Exploration 3B: For Teachers

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Epilogues to Some Dilemmas

Epilogue for dilemma “Now what do I do?”

This lieutenant decided to call for his army’s medical helicopter and wait for it to come to evacuate the enemy soldier to a medical unit. He later wrote about his decision.

I had let heart win out over mind. I knew that normal use of small-unit tactics would have had us hit the boats, scour them quickly for useful equipment or information and then get the hell out of the area. Yet here I was playing Florence Nightingale and risking the lives of my men in the process.

Just as the helicopter finally approached, the wounded prisoner died.

He was dead! I felt like I had been kicked in the chest. (…) I thought frantically (…) “You can’t die now, not after we waited out here for you! It’s not fair!”(…) We left him there for his comrades or the buzzards, whichever found him first. Darkness was around us now and we had no time to bury him.

Epilogues for dilemma “What if she’s telling the truth?”

Here are the lieutenant’s words telling what he did.

I was shaking as I considered what I had just been doing. (…) A rush of guilt hit me. I thought I was really nuts and I wanted out of this situation as quickly as possible. I didn’t want to look at the prisoners, I didn’t want to think about them, I wanted them out of my sight. In a matter of seconds I went from absolute certainty that they were all guilty, to a smaller flicker of doubt, to certainty that they were all innocent. (…) I couldn’t think of what to do or how to act. I was disoriented and was becoming very frightened. The only way to rescue myself was to get rid of the problem, so I decided to just let the prisoners go.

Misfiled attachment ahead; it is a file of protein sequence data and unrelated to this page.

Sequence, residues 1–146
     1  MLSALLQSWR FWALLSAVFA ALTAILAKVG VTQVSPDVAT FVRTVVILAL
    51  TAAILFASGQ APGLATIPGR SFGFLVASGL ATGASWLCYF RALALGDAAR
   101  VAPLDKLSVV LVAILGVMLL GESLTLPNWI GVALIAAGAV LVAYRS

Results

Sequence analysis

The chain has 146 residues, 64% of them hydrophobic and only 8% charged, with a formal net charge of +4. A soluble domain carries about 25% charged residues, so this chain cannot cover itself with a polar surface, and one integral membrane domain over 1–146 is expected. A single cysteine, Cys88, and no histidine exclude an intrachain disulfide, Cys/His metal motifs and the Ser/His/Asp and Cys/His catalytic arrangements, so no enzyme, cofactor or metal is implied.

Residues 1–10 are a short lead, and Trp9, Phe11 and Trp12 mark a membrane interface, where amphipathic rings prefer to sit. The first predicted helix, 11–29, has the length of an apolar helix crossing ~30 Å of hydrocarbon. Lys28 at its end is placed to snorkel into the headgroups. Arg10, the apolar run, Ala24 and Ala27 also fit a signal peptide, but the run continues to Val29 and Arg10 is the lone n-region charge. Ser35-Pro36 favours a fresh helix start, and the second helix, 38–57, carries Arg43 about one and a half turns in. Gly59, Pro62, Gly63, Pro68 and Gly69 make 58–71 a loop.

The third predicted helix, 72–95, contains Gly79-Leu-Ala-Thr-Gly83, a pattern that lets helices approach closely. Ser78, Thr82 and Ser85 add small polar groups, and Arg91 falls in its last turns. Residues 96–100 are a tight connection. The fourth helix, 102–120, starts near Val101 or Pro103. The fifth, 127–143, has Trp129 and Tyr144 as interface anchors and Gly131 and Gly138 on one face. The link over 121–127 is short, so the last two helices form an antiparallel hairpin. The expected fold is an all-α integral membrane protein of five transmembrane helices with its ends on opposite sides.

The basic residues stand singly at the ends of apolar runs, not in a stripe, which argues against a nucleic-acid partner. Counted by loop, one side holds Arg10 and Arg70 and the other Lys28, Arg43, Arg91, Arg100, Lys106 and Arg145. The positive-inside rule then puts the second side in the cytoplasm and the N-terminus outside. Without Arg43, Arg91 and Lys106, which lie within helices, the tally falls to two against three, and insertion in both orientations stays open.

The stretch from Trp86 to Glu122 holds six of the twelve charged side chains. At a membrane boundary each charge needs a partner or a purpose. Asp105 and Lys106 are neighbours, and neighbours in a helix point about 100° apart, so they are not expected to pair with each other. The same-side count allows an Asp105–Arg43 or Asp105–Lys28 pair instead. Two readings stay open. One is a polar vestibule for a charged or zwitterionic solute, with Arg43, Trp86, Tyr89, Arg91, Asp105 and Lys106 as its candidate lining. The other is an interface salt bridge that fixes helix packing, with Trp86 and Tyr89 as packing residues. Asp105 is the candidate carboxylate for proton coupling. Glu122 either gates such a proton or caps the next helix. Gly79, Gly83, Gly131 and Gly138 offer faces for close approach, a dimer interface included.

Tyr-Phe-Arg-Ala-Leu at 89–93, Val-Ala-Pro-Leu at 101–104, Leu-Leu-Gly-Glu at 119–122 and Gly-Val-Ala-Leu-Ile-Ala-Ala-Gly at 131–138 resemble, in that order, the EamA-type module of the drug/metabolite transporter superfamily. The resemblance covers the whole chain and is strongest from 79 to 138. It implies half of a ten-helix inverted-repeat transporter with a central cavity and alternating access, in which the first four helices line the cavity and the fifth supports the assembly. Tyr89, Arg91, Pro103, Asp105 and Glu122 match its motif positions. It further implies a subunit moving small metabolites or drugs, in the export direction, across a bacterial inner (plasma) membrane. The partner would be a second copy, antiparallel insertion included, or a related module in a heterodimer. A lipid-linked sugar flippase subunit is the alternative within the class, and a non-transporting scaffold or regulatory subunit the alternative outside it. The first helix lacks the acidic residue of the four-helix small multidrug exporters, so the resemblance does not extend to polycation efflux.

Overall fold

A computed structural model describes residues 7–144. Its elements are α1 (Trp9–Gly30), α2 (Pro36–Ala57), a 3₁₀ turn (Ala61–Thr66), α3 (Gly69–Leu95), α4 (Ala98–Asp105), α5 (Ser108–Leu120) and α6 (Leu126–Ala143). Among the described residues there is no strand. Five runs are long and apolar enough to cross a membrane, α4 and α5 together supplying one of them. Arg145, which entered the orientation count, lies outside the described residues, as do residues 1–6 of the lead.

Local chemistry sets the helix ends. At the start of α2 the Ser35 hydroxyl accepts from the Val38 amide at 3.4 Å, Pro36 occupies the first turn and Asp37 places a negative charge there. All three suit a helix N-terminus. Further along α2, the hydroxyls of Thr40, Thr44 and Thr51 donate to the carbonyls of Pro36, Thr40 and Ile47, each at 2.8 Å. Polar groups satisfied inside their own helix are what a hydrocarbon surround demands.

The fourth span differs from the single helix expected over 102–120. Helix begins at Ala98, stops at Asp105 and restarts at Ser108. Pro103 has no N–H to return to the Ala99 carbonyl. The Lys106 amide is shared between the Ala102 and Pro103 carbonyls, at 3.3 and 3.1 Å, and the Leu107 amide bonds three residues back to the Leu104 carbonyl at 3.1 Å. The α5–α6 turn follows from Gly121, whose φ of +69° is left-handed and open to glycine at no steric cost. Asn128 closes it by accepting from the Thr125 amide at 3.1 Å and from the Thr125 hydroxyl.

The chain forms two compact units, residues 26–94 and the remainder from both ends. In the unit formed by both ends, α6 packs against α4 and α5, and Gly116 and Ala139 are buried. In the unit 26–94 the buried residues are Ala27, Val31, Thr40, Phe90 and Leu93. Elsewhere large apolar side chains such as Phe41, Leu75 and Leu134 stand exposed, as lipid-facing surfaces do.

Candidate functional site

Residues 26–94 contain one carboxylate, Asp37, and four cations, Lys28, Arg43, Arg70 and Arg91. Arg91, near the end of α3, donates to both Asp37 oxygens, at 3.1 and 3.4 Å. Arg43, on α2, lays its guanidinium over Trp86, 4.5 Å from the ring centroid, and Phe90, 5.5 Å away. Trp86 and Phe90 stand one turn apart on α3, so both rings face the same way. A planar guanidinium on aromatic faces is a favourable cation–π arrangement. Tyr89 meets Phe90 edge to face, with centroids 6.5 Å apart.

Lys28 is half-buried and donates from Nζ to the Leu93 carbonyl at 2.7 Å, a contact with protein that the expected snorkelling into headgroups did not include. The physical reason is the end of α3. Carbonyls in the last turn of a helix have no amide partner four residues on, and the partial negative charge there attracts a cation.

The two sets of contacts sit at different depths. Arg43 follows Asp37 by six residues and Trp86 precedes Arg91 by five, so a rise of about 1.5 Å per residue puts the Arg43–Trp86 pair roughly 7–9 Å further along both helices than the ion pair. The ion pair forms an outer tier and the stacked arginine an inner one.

Two weeks later, one of his patrols was ambushed. One of his men was killed and two were wounded. The two guerrillas who ambushed them were also killed. The lieutenant remembers how he felt when one of his men came back and told him that one dead guerrilla was the “fisherman’s sister”; her rifle was still in her hand and its magazine was almost empty.

The look in his eyes made the clear accusation that I had carelessly turned a killer loose on him because I cared more about remote regulations and pampering women prisoners than I did about the safety of my own friends and teammates. I knew [they] thought I had demonstrated an irresponsible disregard for our safety by letting those three prisoners go.

But then a thought occurred that still whispers to me from my dreams: Was she our enemy before we captured her or only afterward?

Adapted from David Donovan, Once a Warrior King: Memories of an Officer in Vietnam, McGraw-Hill, New York, 1985.